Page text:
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Key Cache with Symantec Encryption Management Server FAQ (Caching Keys for inbound email)

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Article ID: 158748

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Updated On:

Products

Encryption Management Server Gateway Email Encryption

Issue/Introduction

This article will go over some of the FAQs for Key Cache, or "Caching Keys" on Symantec Encryption Management Server (SEMS).

One of the core features of SEMS is that of being a keyserver.  Keys are managed by the SEMS for further use via key lookups/searches from various sources.  Having keys on the local SEMS speeds up encryption operations as there is no need to search for keys elsewhere.  One of the methods to benefit from this speed of using these keys is to cache keys on the "Inbound" mailflow.  If someone sends an SMIME email and SEMS processes it, the SMIME key is typically attached to the email and it is then cached on SEMS in its own Key Cache.  Keys are cached temporarily (configurable duration) so that further messages to these recipients can be encrypted, and the key lookup process will find the key quickly in the local key store and the overall process is faster. 

Resolution

The Key Cache on SEMS can be accessed by going to Keys, and then clicking on "Key Cache":

 

Question 1: Do keys in the Key Cache get purged periodically?
Answer: Yes, they are cleaned out after 500 Days by default.

 

For additional information, see the following article:

162609 - Symantec Encryption Management Server (SEMS) Key Cache purge routines differ depending on how keys are retrieved


Question 2: What is the Max Duration for the Key Cache on SEMS?

Answer: The lowest value keys can be cached is 1 hour and the maximum value configurable for this is 999 days.


Question 3: I have my server in the mailflow, but it's not caching keys--why?

Answer: In order for the keys to be cached, the email containing the key must be an "Inbound" message.  In other words, the SEMS does not harvest keys that are sent "Outbound" as typically all the keys for users sending outbound already exist as "Internal Users" on the SEMS.  Only Inbound emails will harvest these keys.


Question 4: I have an email that came from an external domain, why is it still not caching it?

Answer: Depending on how the proxies of SEMS are configured, the email from an external recipient may be interpreted by SEMS as an "Outbound" message.  If the Proxies are configured with an MTA that is the inbound and outbound connector into SEMS, then having two interfaces on the SEMS with different IP Addresses is recommended.  In this way, the messages for "Inbound" always go to the Inbound IP, and the messages destined for the external domains will always use the Outbound IP Address.


Question 5: Should I purge the Key Cache before the timeout value is reached?

Answer: If you know a single key has been updated, then purging of all keys may be overkill.  Instead, delete the single key in question from the Key Cache, and then re-harvesting will need to take place.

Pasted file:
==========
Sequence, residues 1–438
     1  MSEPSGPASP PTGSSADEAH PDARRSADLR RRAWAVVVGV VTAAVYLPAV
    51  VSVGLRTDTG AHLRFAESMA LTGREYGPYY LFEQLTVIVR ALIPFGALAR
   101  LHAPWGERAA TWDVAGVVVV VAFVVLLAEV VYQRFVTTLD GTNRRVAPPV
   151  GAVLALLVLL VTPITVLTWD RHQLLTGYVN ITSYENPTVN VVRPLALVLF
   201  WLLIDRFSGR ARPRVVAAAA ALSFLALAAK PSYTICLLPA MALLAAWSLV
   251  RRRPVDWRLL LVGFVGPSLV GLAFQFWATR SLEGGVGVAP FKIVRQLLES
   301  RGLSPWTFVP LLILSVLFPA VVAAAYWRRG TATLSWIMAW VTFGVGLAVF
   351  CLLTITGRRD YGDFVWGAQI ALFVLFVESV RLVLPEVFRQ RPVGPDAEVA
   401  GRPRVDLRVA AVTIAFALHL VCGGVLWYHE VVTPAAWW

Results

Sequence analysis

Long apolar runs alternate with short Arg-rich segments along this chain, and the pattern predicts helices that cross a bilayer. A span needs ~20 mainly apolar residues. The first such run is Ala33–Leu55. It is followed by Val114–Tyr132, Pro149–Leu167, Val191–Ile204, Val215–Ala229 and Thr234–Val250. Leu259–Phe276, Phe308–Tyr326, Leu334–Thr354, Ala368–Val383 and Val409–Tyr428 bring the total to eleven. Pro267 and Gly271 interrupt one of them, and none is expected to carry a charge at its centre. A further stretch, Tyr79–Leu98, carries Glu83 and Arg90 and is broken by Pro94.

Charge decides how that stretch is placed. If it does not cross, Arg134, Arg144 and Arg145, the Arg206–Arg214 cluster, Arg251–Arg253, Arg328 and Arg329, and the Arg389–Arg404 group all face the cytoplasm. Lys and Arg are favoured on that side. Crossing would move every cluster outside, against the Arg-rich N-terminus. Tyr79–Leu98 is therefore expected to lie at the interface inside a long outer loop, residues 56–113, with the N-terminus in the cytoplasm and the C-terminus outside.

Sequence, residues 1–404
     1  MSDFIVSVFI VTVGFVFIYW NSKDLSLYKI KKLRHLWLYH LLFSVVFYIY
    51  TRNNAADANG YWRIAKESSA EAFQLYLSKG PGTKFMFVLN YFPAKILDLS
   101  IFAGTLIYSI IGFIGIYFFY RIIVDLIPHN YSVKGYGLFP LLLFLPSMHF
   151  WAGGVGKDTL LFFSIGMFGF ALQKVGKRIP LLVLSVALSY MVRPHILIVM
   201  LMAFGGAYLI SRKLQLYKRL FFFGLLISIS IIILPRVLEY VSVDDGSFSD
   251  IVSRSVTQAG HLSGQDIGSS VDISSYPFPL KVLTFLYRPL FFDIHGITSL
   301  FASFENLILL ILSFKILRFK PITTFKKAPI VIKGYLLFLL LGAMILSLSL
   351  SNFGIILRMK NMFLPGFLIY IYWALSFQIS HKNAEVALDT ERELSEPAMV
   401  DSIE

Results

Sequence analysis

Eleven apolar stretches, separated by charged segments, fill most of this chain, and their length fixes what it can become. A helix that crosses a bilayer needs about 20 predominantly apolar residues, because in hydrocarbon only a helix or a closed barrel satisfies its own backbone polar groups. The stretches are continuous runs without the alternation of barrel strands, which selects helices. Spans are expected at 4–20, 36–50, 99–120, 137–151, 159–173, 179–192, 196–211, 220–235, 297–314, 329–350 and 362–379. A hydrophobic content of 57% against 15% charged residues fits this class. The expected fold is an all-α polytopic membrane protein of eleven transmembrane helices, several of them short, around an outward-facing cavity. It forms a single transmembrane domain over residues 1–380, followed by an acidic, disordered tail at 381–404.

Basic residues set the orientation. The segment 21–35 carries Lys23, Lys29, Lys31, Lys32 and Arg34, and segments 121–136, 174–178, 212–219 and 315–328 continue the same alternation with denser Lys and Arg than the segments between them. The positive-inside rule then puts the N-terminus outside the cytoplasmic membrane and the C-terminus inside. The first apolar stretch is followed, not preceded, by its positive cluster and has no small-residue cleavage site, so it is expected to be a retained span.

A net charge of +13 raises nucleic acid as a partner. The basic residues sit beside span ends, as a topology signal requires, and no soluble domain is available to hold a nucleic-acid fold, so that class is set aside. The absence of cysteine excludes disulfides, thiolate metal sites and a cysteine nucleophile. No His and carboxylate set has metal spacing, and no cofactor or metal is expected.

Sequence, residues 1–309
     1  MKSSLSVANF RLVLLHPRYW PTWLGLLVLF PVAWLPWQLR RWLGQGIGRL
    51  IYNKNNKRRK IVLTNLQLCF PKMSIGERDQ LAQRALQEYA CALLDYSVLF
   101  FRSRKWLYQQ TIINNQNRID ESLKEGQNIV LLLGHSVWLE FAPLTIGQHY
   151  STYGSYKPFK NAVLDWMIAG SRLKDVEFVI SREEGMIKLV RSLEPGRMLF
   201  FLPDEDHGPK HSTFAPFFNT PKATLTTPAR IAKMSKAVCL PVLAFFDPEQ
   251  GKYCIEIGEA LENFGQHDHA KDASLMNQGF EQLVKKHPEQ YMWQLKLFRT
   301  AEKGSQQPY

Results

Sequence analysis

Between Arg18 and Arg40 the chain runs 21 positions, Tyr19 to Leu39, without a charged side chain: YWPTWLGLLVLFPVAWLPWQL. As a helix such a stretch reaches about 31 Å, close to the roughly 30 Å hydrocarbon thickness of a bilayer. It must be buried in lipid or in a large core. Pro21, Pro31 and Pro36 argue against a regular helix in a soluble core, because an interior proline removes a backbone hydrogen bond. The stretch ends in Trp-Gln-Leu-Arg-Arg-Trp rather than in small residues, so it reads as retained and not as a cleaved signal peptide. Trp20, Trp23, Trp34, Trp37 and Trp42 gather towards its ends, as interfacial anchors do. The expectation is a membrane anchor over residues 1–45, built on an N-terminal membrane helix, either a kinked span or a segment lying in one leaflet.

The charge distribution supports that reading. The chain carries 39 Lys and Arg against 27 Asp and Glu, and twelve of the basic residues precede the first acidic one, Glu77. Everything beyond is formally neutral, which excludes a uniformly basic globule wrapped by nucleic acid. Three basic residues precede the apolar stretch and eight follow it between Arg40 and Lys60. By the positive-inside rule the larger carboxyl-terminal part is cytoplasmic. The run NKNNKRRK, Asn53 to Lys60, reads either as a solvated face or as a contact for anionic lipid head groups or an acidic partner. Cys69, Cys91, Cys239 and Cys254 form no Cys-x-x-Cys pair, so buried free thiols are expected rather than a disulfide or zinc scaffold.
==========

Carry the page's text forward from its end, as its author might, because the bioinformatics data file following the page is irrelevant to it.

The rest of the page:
Question 6: Immediately after I created a cluster member, the cached keys on the host server are removed and are not replicated.

Answer: The timeout value for cached keys has expired.  After one or more servers are joined to the host server during the creation of a server cluster, one of the services checks the cached key timeout setting as it restarts. If the current date minus the keys’ create date exceeds the defined timeout value, the service flushes the key cache. You will have to repopulate it.

This key-cache expiration issue is corrected using the command line of the Symantec Encryption Management Server to edit the key-cache timeout field in the prefs.xml file.

The prefs.xml file is located in the /etc/ovid directory.

In the prefs.xml file, the <key-lookup-cache-timeout></key-lookup-cache-timeout> field needs to be set to something greater than the default 24 hours (1440 minutes).

Warning: Accessing the Symantec Encryption Management Server command line for read-only purposes (such as to query the database, or to view settings, services, logs, processes, disk space, and so on) is supported. However, performing configuration modifications or customizations using the command line may void your Symantec Support agreement unless the following procedures are followed.

Changes made to the Symantec Encryption Management Server using the command line must be:

  • Authorized in writing by Symantec Technical Support or published as an approved and documented process on the Symantec Knowledge Base.
  • Implemented by a Symantec Partner, reseller or Symantec Technical Support.
  • Summarized and documented in a text file in /var/lib/ovid/ on the Symantec Encryption Management Server itself.
     

Changes made through the command line may not persist through reboots and may be incompatible with future releases. Symantec Technical Support may also require reverting any custom configurations on the Symantec Encryption Management Server back to a default state when they troubleshoot new issues.

For assistance on changing the prefs.xml file, submit a request to Technical Support.

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